AASA urges its members and supporters to participate in our social media campaign this week to fight the school choice and voucher rhetoric during National School Choice Week, Jan. 25-31. In unity with and as co-chair of the National Coalition for Public Education, a coalition of over 50 national education, civil rights, religious and secular organizations, AASA joins with these groups to oppose and inform the public of the real focus of this event--the push for private school vouchers. While the word “school choice” implies options for parents, it is actually a scheme to get the public to buy into the use of public funds for private schools:

Private school vouchers do not provide students and parents with real and meaningful choice. Under private school voucher schemes, the ultimate choice rests with the school, not with the students and their families. Voucher programs usually allow participating private schools to reject students based on numerous factors, including economic status, gender, religion, academic achievement, sexual orientation, and even disability. Public schools, on the other hand, are required to accept all students.

• Voucher schools don’t solve social inequality. They contribute to it: http://bit.ly/1er5YPU

• #Schoolchoice doesn’t give choice to parents, but instead gives private voucher schools choice of students they want to accept or reject.

• What do taxpayer funded school voucher schools teach? Often it’s LGBT bigotry. http://bit.ly/1j007Ys

• #Voucherfail Wisconsin voucher schools fail to provide equal access for students with disabilities: http://bit.ly/1yooEer

Students with Disabilities
Some students have even less choice than others. Students with disabilities often aren’t guaranteed the same services in the voucher school that they would ordinarily receive in a public school and can find few voucher schools that offer them the services they need. Here is an example: Students with disabilities comprise almost 20% of the Milwaukee public school population, but they number only 1.6% of the city’s voucher school students. And, students who want to attend a secular school are also left with few options, as the vast majority of schools that accept vouchers are religious schools.

• #voucherfail: private voucher schools don’t grant students with disabilities the same protections guaranteed under IDEA.

• #voucherfail: voucher programs systematically exclude students with disabilities from participation. http://bit.ly/1DEjteX

• #voucherfail Many families who get vouchers reject them b/c they do not meet needs of students with disabilities http://1.usa.gov/1AXSav1

Academic Performance
Voucher programs also don’t provide students and families with quality options. Studies consistently show that private school vouchers don’t improve reading and math achievement. For example, in Milwaukee, Wisconsin – the country’s oldest voucher program – a recent study shows that the students in the voucher program do no better in reading or math than their peers in public schools. Similarly in Louisiana, 67% of public school students pass their standardized tests, whereas only 44% of voucher students do.

The lack of quality control is even seen in the school buildings themselves. A closer look into the schools that serve Milwaukee’s voucher students found these schools to be lacking in appropriate amenities; many of them were operating out of old storefronts, gas stations, and other run-down facilities. The DC voucher program has a similar problem: students in a school accepting vouchers in DC had to go to the day care center downstairs because the school’s only bathroom wasn’t usable.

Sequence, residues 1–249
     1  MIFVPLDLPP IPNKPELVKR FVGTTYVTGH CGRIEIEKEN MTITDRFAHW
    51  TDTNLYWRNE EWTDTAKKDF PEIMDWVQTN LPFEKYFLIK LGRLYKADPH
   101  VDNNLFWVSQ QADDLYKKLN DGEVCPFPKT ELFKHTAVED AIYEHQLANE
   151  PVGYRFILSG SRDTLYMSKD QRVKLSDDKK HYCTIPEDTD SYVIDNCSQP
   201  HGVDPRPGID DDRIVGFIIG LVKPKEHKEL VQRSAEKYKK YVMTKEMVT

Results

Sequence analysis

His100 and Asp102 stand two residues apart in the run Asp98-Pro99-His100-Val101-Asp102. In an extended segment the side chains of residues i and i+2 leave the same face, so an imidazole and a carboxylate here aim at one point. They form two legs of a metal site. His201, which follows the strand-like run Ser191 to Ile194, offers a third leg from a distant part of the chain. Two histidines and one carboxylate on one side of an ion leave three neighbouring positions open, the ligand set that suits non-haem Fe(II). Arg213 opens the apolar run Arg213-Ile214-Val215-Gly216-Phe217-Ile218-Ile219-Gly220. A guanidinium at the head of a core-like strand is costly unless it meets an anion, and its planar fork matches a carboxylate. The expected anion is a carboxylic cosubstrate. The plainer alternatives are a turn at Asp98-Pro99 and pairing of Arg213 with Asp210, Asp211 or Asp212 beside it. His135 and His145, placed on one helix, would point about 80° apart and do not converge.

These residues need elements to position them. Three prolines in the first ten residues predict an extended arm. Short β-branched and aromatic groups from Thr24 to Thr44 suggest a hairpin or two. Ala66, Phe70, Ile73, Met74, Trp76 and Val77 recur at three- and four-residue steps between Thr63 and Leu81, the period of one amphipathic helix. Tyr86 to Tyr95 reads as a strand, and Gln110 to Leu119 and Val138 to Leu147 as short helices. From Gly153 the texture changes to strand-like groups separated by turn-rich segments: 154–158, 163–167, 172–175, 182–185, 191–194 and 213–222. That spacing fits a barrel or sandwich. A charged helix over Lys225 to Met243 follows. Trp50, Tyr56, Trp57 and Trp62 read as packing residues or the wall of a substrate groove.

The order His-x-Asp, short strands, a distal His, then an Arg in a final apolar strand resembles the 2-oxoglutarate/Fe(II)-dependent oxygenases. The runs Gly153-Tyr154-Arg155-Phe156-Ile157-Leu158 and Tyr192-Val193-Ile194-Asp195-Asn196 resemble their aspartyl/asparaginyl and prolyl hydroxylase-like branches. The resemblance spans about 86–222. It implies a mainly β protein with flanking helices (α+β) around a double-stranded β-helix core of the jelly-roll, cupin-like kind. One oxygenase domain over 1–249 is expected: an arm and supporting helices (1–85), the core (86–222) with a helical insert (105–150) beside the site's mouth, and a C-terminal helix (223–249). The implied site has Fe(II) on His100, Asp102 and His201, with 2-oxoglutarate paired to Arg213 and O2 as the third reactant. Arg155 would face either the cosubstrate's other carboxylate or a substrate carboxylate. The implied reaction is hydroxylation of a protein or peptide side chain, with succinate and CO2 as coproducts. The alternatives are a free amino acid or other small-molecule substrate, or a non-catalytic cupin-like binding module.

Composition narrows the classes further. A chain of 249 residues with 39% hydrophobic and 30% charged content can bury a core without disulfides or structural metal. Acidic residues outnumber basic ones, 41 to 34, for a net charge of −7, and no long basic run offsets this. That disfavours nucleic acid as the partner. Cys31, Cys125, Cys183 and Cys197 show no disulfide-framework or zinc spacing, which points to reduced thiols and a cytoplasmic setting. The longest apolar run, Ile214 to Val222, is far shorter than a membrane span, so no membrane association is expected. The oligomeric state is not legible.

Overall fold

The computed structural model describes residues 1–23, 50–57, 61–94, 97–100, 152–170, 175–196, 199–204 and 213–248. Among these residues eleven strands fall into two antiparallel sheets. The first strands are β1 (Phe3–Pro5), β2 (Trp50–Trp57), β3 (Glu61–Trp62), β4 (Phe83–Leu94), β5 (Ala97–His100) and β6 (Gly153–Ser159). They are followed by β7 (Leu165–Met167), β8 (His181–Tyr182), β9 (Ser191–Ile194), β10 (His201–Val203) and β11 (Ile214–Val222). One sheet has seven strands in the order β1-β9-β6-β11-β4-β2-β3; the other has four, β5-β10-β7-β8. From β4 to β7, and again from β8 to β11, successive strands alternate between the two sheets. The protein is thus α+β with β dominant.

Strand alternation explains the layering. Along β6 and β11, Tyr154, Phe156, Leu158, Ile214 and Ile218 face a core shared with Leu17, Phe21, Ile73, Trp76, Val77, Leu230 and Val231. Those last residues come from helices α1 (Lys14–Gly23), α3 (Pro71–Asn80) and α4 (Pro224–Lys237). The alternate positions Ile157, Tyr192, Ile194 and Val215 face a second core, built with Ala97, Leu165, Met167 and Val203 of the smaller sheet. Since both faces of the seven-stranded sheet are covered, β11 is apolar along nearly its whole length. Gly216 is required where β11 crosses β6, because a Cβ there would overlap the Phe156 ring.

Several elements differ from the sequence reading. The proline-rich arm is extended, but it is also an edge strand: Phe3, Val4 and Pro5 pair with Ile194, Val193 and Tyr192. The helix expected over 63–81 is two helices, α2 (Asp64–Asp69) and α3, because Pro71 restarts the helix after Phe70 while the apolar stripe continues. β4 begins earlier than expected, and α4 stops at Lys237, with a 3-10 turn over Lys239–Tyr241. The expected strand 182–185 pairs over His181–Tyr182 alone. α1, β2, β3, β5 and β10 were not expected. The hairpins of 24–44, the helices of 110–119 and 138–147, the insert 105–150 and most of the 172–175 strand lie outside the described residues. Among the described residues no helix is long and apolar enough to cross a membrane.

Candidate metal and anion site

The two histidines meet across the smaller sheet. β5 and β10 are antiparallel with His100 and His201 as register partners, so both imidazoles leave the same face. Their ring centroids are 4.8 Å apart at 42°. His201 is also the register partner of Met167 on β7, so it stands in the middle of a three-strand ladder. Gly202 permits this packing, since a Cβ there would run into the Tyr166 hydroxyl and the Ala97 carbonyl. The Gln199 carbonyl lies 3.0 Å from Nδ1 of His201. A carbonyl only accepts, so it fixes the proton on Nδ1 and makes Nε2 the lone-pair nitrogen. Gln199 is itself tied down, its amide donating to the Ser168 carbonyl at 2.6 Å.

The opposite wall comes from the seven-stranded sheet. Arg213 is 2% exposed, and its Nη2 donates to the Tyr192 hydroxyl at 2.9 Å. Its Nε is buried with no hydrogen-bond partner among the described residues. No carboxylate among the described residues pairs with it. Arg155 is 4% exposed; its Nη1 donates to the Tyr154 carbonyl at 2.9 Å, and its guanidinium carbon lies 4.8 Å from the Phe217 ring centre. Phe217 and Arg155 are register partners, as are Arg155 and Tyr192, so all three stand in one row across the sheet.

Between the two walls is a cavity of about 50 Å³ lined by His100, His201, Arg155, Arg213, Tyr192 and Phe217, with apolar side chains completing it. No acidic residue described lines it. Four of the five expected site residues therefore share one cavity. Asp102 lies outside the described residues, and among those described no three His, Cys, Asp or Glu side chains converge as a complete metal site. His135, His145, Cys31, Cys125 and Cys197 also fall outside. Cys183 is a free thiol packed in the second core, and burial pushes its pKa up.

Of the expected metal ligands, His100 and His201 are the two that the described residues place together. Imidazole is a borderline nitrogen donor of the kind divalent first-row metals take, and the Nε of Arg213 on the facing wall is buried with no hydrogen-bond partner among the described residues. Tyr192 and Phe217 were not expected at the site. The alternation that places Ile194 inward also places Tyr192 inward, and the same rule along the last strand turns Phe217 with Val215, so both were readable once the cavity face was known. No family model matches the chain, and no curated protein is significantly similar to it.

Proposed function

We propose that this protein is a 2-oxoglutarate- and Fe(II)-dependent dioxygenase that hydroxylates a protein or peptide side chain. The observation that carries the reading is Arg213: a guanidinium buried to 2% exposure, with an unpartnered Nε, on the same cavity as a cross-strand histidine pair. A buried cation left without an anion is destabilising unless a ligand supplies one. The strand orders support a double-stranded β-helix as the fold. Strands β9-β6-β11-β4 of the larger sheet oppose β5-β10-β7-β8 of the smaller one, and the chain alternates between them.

Unfortunately, parents often don’t know and can’t discover these problems in voucher schools. With no oversight, access to records and test scores, or public meetings, parents are often denied the pertinent information required to make a good choice.

• Vouchers don’t work: Test scores show students in Milwaukee public schools outperform students in voucher schools http://bit.ly/1ghHKJt

• #VoucherFactCheck: Voucher programs strip protections for students who are English language learners. http://bit.ly/1wV4B4A

• #Voucherfail: 67% of La. public school students pass their LEAP and iLEAP tests; only 44% of voucher students do. http://bit.ly/1suSkHu

Say No to Private School Voucher Programs
Nonetheless, states continue to create and expand voucher programs. There are currently private school voucher and tuition tax credit (backdoor voucher) programs in 23 states. And as states begin their 2015 legislative sessions, we are already seeing the introduction of numerous voucher bills.

Congress will likely debate private school vouchers too, as it attempts to reauthorize the Elementary and Secondary Education Act (ESEA). In fact, the Senate bill already includes a scheme called Title I “portability.” Title I funding was designed to support schools with high concentrations of poverty, allowing schools to pool funds to help students most in need. Title I portability would dismantle the program, allowing funds to “follow the child” to another school. The current proposal limits the funds to public schools. It is clear, however, that supporters of portability want the funds to eventually flow to private schools too—creating a national private school voucher plan.

Talk to Your Legislators
During this National School Choice Week, it is important to remember that private school vouchers are not true school choice, and they do not offer any real benefit to the children most in need of better educational opportunities. That’s why voters in several states have voted down vouchers at the ballot box. Take the time to let your legislators know that you don’t support private school vouchers and that they should oppose any attempt to create or expand private school voucher programs, including Title I portability.

--AASA and the National Coalition for Public Education